by Robert Miller
The Dallas Morning News, Sunday, November 10, 2002
Jack St. Clair Kilby's invention of the microchip at Texas Instruments in 1958 changed the world, and now the Kilby International Awards Foundation wants to use Kilby Laureates to change the lives of inner-city students.
The foundation is using interactive video broadcasts to encourage students to stay in school and stir up their interest in science.
This project was initiated last year and expanded this year by the Dallas-based group founded by Victoria Downing in 1990 to honor Mr. Kilby.
Mr. Kilby received the Nobel Prize in physics in 2000.
Ms. Downing, chairwoman of the foundation, said the interactive video broadcast program is called "International Champions of Creativity" and uses the 50 Kilby Laureates as role models.
Kilby Laureates are individuals from around the world who have contributed to society through science, technology, innovation, invention and education.
Ms. Downing said she decided that although it was great to recognize the laureates for their contributions to society, they could add to those contributions by giving underserved high school students a message of hope.
The first such broadcast was last year and was delivered with the cooperation of Disney from the El Capitan Theatre in Hollywood. The target audience was 50 high school students, mostly seniors, from 40 schools in East Kentucky.
Jonathan Schlesinger, president of Connexus International of Dallas, has helped put on the program, and this year the target audience took a quantum jump. "Over a thousand Dallas-area students and several hundred more in other cities in Texas and California connected by video link," Ms. Downing said.
Mr. Schlesinger said of the effort: "No one in the country is doing what this group is doing in integrating the most advanced technologies, education and entertainment concepts, and pioneering their application to benefit students across the world by bringing the best minds to the young people who need them most."
The program originated last month from the auditorium of the Wyndham Anatole Hotel.
Kilby Laureate Dr. Marc Hannah, co-founder of Silicon Graphics in California, flew here to interact in person with the students, while the other four participating members spoke from their home bases.
*Dr. Susan Athey, a brilliant young Kilby Laureate economist on the Stanford University faculty.
*Dr. Margaret Lowman, another laureate and a world-renowned rain forest botanist who is executive director of the Marie Selby Botanical Gardens in Florida.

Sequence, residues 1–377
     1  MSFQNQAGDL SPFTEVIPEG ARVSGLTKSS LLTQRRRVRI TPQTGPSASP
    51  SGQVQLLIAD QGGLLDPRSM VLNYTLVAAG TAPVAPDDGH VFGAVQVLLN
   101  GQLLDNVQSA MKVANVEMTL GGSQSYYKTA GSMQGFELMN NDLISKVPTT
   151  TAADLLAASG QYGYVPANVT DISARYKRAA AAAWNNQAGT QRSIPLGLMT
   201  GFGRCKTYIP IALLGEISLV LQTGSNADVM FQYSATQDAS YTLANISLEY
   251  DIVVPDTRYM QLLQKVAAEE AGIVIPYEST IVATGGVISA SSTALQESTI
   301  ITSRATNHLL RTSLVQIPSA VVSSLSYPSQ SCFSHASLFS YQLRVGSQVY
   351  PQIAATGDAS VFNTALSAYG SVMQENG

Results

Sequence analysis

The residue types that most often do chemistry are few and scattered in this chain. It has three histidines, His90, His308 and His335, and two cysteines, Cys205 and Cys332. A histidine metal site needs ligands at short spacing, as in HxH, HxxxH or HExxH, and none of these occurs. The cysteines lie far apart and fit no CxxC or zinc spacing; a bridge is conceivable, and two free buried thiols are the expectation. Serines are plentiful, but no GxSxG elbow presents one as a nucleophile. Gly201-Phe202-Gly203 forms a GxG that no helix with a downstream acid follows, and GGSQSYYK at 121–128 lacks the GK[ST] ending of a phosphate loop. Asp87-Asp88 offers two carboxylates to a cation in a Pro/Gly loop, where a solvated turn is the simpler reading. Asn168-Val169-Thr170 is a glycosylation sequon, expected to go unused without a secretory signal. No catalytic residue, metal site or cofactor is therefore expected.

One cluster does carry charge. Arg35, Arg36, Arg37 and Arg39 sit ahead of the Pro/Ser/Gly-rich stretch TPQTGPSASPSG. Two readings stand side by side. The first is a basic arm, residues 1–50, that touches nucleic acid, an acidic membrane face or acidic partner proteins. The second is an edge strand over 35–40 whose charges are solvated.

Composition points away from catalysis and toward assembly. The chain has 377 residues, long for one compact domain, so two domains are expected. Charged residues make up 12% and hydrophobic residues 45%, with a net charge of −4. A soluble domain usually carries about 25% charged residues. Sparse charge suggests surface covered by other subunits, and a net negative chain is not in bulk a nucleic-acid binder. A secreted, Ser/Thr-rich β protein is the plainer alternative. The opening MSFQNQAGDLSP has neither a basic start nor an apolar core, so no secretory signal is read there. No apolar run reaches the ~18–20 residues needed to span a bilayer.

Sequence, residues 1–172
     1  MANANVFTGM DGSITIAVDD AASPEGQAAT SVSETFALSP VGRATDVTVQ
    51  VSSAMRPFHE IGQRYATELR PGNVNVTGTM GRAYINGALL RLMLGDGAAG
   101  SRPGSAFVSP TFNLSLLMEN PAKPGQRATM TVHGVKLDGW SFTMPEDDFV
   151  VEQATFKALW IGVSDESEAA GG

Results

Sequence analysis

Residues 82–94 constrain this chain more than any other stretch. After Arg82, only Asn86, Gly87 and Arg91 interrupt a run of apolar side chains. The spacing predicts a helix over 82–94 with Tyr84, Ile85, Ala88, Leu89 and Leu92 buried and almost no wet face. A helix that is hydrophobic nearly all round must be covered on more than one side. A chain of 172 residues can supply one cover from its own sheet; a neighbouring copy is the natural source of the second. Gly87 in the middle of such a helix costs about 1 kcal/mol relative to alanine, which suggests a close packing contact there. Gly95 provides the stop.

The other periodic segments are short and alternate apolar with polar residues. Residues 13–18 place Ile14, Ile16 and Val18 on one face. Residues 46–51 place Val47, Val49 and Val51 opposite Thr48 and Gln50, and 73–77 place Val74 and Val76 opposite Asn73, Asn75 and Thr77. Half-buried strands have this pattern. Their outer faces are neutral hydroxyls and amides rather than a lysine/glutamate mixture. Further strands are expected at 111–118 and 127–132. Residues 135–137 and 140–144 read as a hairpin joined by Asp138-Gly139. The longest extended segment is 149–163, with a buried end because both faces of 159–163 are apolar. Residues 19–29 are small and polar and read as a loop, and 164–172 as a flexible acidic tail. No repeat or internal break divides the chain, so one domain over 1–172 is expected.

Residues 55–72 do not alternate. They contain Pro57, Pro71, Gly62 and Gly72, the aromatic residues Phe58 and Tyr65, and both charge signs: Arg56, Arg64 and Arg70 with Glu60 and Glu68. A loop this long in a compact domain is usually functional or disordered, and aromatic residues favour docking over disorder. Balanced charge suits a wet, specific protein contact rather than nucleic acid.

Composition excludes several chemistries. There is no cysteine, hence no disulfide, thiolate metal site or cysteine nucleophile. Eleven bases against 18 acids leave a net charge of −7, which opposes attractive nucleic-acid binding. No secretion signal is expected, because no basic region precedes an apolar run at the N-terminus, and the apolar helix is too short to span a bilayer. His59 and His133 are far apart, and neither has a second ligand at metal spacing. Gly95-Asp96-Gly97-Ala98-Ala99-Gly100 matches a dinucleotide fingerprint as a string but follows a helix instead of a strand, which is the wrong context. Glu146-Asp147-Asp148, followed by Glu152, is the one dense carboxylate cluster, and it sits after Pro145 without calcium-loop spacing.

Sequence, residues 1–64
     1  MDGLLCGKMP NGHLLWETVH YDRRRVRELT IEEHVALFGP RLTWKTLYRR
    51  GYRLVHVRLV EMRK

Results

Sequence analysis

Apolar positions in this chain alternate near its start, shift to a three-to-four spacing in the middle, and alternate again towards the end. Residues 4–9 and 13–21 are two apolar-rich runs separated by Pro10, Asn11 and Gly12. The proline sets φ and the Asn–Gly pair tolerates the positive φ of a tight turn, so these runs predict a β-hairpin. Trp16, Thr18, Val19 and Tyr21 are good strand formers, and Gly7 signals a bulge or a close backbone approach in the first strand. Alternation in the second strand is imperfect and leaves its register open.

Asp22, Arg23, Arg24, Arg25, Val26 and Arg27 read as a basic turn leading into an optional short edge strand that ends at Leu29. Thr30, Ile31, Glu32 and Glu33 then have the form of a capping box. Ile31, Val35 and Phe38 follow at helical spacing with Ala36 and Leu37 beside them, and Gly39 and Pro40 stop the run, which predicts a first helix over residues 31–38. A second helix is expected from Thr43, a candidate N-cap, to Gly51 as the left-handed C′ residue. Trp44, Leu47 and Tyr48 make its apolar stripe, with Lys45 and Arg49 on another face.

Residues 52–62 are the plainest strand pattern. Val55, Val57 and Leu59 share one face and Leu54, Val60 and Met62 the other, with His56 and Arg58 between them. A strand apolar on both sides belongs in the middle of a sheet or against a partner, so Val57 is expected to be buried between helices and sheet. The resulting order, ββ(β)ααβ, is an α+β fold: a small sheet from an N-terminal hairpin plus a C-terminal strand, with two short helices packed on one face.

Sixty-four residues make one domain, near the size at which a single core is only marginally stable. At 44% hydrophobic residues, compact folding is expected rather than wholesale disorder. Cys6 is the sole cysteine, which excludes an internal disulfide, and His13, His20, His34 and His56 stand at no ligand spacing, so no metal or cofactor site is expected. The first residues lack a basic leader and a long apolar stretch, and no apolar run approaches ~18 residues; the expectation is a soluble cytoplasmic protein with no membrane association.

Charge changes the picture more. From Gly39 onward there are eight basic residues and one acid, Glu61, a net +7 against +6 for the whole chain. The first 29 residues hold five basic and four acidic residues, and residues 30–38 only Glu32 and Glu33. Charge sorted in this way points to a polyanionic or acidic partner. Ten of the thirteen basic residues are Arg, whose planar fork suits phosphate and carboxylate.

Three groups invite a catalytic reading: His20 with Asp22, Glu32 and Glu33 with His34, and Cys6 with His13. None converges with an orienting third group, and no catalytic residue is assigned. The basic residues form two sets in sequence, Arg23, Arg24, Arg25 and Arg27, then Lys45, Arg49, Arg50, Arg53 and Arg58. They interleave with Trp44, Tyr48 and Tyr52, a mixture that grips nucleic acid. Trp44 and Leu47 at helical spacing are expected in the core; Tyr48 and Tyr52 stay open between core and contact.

*Dr. Mark Reed, a Kilby Laureate, champion of the science of the future, nanotechnology, and a Yale University professor.
*Dr. Jaleh Daie, a Kilby International council member who is a former science liaison to the president's National Science and Technology Council. She is a managing partner of Aurora Equity LLC and former professor at the University of Wisconsin-Madison.
Participating students came from the Dallas Independent School District, many districts within Region 10, and students from the Learning Center at Foshay Middle School in south central Los Angeles.
"I gave a brief introduction of each speaker, and the laureates and the council member would give a brief report on their specialty and then invite the students to ask questions," said Ms. Downing, who moderated the program.
Ms. Downing said that enthusiasm of the speakers was contagious, and the hour and a half flew by. "They just mobbed Dr. Hannah when the program ended."
A not-so-hidden message, Ms. Downing said, is for the students to stay in school; the overall message is that anything is possible if you apply yourself. The response from the DISD, Mr. Kilby, Mr. Schlesinger and others was totally positive.
"Not only our students but our teachers found this program an exceptional experience, highly motivating and totally unique," said Suzee Olphint, executive director of advanced academics at DISD.
"We are looking forward to partnering with the Kilby Foundation for the 2003 series."
Dr. Sandy Maddox, a Region 10 executive, said: "The Kilby Broadcasts presented a rare opportunity for students across this region to hear and to interact with some of the most accomplished and delightful individuals any of us will ever meet, including Jack Kilby himself.
"We are proud to have been a part of this memorable production."
And Dr. Jerome Walker, associate provost of USC, also praised the effort. We "applaud the innovative use of technology to cross the digital and geographic divides to bring world-class role models to our students in a dynamic and enriching broad program.
"We are eager to provide opportunities for our students to participate in future broadcasts of this kind."
Mr. Kilby, enjoying the rapport between the students and speakers, said: "I know that they will never forget this experience."
Patrons of this year's series were American Airlines, Gamma Wealth Strategy & Research LLC, Hewlett-Packard, O'Donnell Foundation, DISD, Microtune, Texas Instruments, Southern Methodist University and Connexus.
Though planning has already started on the 2003 Kilby Foundation interactive video broadcasts, the scope of them will depend on funding available, Ms. Downing said.
"Those interested in participating as future patrons are invited to call the Kilby Foundation at 214-768-3355 or e-mail